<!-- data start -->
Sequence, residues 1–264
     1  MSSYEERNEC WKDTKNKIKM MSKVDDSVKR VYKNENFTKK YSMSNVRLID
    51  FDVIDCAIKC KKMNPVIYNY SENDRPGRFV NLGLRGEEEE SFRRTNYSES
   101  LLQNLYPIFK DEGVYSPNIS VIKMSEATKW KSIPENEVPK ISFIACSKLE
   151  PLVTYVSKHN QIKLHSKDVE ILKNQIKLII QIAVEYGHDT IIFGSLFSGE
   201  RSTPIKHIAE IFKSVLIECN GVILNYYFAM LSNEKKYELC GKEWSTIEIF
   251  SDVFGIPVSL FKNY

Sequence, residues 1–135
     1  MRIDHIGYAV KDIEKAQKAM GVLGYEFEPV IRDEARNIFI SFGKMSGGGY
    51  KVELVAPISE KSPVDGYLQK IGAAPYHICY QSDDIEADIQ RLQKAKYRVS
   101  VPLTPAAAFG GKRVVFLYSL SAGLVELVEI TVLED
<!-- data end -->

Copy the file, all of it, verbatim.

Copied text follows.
Sequence, residues 1–264
     1  MSSYEERNEC WKDTKNKIKM MSKVDDSVKR VYKNENFTKK YSMSNVRLID
    51  FDVIDCAIKC KKMNPVIYNY SENDRPGRFV NLGLRGEEEE SFRRTNYSES
   101  LLQNLYPIFK DEGVYSPNIS VIKMSEATKW KSIPENEVPK ISFIACSKLE
   151  PLVTYVSKHN QIKLHSKDVE ILKNQIKLII QIAVEYGHDT IIFGSLFSGE
   201  RSTPIKHIAE IFKSVLIECN GVILNYYFAM LSNEKKYELC GKEWSTIEIF
   251  SDVFGIPVSL FKNY

Sequence, residues 1–135
     1  MRIDHIGYAV KDIEKAQKAM GVLGYEFEPV IRDEARNIFI SFGKMSGGGY
    51  KVELVAPISE KSPVDGYLQK IGAAPYHICY QSDDIEADIQ RLQKAKYRVS
   101  VPLTPAAAFG GKRVVFLYSL SAGLVELVEI TVLED